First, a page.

50-foot-diameter superconducting magnetic storage ring

Scientists found hints of new particles or forces of nature, strengthen evidence of new physics.

The first results from the Muon g-2 experiment hosted at Fermilab show fundamental particles called muons behaving in a way not predicted by the Standard Model of particle physics.



These results confirm and strengthen the findings of an earlier experiment of the same name performed at Brookhaven National Laboratory. Combined, the two results show strong evidence that our best theoretical model of the subatomic world is incomplete. One potential explanation would be the existence of undiscovered particles or forces.

Image: The centerpiece of the experiment is a 50-foot-diameter superconducting magnetic storage ring, which sits in its detector hall amidst electronics racks, the muon beamline, and other equipment. This impressive experiment operates at negative 450 degrees Fahrenheit and studies the precession (or wobble) of muons as they travel through the magnetic field.  Credit Reidar Hahn, Fermilab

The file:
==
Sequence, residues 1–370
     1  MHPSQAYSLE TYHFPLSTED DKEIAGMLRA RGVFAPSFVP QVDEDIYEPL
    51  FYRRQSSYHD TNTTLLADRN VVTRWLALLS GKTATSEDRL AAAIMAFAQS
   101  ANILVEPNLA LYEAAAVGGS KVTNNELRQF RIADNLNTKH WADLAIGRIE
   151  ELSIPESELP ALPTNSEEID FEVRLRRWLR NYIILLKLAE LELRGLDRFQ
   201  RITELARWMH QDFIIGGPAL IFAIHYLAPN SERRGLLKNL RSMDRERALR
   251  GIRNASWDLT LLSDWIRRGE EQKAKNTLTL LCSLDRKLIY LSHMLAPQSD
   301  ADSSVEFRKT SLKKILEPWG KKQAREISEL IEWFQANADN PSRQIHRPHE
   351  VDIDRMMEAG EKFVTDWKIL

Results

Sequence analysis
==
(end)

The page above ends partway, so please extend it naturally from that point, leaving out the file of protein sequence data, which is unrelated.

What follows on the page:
This video explains what a muon is, how the Muon g-2 experiment works, and the significance of this result.

The long-awaited first results from the Muon g-2 experiment at the U.S. Department of Energy’s Fermi National Accelerator Laboratory show fundamental particles called muons behaving in a way that is not predicted by scientists’ best theory, the Standard Model of particle physics. This landmark result, made with unprecedented precision, confirms a discrepancy that has been gnawing at researchers for decades.



The strong evidence that muons deviate from the Standard Model calculation might hint at exciting new physics. Muons act as a window into the subatomic world and could be interacting with yet undiscovered particles or forces.

“Today is an extraordinary day, long awaited not only by us but by the whole international physics community,” said Graziano Venanzoni, co-spokesperson of the Muon g-2 experiment and physicist at the Italian National Institute for Nuclear Physics. “A large amount of credit goes to our young researchers who, with their talent, ideas and enthusiasm, have allowed us to achieve this incredible result.”

source Fermilab